E. Do great men create history or history create great men? Sometimes great men(or women) create history; sometimes history create great men . Often, great people and historical forces merge to create greatness. Some scho ol of thought, like that of British Philosopher Thomas Carlyle propounded the G reat Man Theory in which history was regarded as the creation of Great Men. Such views give pride of place to charismatic leaders. Others like Tolstoy adopted t he opposite point of view and stated that historical forces created history and the contribution of Leaders were not significant enough. Infact, Tolstoy, in his epic novel, War and Peace, is extremely critical of Napolean and praises the Ru ssian General Kutozov since he knew how to use historical and natural forces l ike the brutal Russian winter to his advantage. Sometimes, it does not help to think or debate too much. You need to visualize your greatness and strive for it no matter what the constraints or obstacles. When you prepare and strive to create history, maybe you will be lucky to ride t he waves of historical forces and create history. Remember, in a calm environmen t, the status quo is often maintained. However, it is mostly in turbulent times, that historical forces get unleashed and, hitherto, unknown, insignificant peop le transforms into Napolean. Churchill was way past 60 when the second world wa r took place. The turbulent times of the second world war transformed Churchill from a controversial player in British politics to a great leader. So when thing s are turbulent and chaotic, nature is providing you an opportunity to take char ge and become a leader. If you prepare hard and act with conviction and integrity, you may still not cre ate history if you are not lucky enough. However, have no doubts that you will achieve a much higher degree of success than if you had not made the commitment of acting as a leader and following through with your resolutions. So start beli eving that you are a great man(or woman) and you are destined to create history and start behaving like someone who is going through the process of creating his tory. You will soon radiate a different energy and will notice that people are t reating you with more importance and respect. As a culture, we are too occupied by the short term. In corporate world, it is t he Quaterly earnings which dictate all action. However, in order to achieve true greatness, you need to see beyond the present and visualize the legacy you are going to leave behind. Your legacy is what will preserve your work even after yo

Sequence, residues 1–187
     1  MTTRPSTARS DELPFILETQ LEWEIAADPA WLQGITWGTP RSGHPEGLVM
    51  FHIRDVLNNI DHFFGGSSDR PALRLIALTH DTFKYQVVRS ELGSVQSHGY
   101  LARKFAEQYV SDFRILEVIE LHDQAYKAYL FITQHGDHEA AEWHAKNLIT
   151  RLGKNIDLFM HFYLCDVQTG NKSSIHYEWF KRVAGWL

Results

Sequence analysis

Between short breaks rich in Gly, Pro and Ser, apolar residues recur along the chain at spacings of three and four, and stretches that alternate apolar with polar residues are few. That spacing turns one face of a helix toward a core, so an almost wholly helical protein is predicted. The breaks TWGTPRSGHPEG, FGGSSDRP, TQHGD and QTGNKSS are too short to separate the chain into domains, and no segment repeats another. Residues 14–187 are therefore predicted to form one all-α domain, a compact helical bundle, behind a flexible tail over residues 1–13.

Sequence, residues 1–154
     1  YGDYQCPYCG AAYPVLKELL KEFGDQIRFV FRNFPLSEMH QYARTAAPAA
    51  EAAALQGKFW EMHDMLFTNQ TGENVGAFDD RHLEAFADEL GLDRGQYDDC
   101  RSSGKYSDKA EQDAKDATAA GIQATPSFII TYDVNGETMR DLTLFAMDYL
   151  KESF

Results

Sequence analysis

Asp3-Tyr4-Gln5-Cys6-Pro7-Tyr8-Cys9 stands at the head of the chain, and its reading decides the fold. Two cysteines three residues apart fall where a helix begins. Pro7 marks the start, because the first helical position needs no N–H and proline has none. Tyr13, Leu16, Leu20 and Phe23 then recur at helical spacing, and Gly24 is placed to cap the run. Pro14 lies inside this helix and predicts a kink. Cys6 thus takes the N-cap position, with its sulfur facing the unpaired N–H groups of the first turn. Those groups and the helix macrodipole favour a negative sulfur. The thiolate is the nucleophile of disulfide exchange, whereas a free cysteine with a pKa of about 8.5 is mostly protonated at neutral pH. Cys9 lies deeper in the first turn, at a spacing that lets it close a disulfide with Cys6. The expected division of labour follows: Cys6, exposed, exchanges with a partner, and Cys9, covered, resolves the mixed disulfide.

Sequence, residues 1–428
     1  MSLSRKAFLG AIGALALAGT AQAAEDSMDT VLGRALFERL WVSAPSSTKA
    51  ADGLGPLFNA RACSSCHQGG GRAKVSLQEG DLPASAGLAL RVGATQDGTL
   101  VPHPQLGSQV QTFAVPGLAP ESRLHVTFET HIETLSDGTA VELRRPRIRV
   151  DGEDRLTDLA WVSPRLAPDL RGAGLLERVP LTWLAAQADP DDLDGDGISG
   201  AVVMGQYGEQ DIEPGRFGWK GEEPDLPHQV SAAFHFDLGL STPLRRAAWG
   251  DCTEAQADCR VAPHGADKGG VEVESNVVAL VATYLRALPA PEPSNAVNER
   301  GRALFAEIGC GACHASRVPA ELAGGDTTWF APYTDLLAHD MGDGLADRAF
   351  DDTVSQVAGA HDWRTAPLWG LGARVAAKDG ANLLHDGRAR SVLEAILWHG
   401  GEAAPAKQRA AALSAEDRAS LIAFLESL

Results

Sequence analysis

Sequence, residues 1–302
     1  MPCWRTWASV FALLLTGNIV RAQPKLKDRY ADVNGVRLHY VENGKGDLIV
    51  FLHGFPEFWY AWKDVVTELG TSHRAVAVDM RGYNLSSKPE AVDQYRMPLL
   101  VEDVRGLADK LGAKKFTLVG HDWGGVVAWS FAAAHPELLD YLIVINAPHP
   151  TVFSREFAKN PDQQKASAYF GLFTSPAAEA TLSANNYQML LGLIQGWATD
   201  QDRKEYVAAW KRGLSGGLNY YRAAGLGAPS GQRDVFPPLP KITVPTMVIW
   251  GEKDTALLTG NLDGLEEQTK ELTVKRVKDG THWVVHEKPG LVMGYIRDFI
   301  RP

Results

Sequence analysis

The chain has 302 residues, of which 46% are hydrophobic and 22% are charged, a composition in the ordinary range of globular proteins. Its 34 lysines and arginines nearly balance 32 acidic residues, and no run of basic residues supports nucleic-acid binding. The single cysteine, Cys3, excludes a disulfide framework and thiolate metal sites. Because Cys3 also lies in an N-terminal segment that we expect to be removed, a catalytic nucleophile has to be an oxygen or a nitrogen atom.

u are gone and will truly make you a historical figure. If you compare Leadershi p of two corporate leaders of the late 20th century, Jack Welch of GE with Sand y Weil of Citicorp, you will see that even though both were very successful in t he value they created when they were leaders, Citicorp got into major problems a fter Sandy Weill’s departure and most of his actions had to be reversed. However , even after Jack Welch’s retirement, his impact still continues and his legacy i s preserved.

The history of the world is but the biography of great men Thomas Carlyle, On Heroes, Hero-Worship and the Heroic in History “Man lives consciously for himself but is an unconscious instrument in the attainm ent of the historic, universal aims of humanity” -----:Tolstoy,War and peace, Men make their own history but they do not make it under circumstances chosen by themselves, but under circumstances directly found, given, and transmitted from the past ----- Karl Marx, “The great man of the age is the one who can put into words the will of his age, tell his age what its will is, and and accomplish it. What he does is the heart and essence of his age; he actualizes his age” ------ Hegel in Philosophy of the Right History is the sum of the actual experience of actual men and women in their rel ation to one another and to an actual, three-dimensional, empirically experience d physical environment. ---Isaiah Berlin Few will have the greatness to bend history itself; but each of us can work to c hange a small portion of events, and in the total of all those acts will be writ ten the history of this generation. Robert F. Kennedy: A prudent man should always follow in the footsteps of great men and imitate tho se who have been outstanding. If his own prowess fails to compare with theirs, a t least it has an air of greatness about it. --- Niccolo Machiavelli Be not afraid of greatness: some are born great, some achieve greatness, and som e have greatness thrust upon them. William Shakespeare What you leave behind is not what is engraved in stone monuments, but what is wo ven into the lives of others. Pericles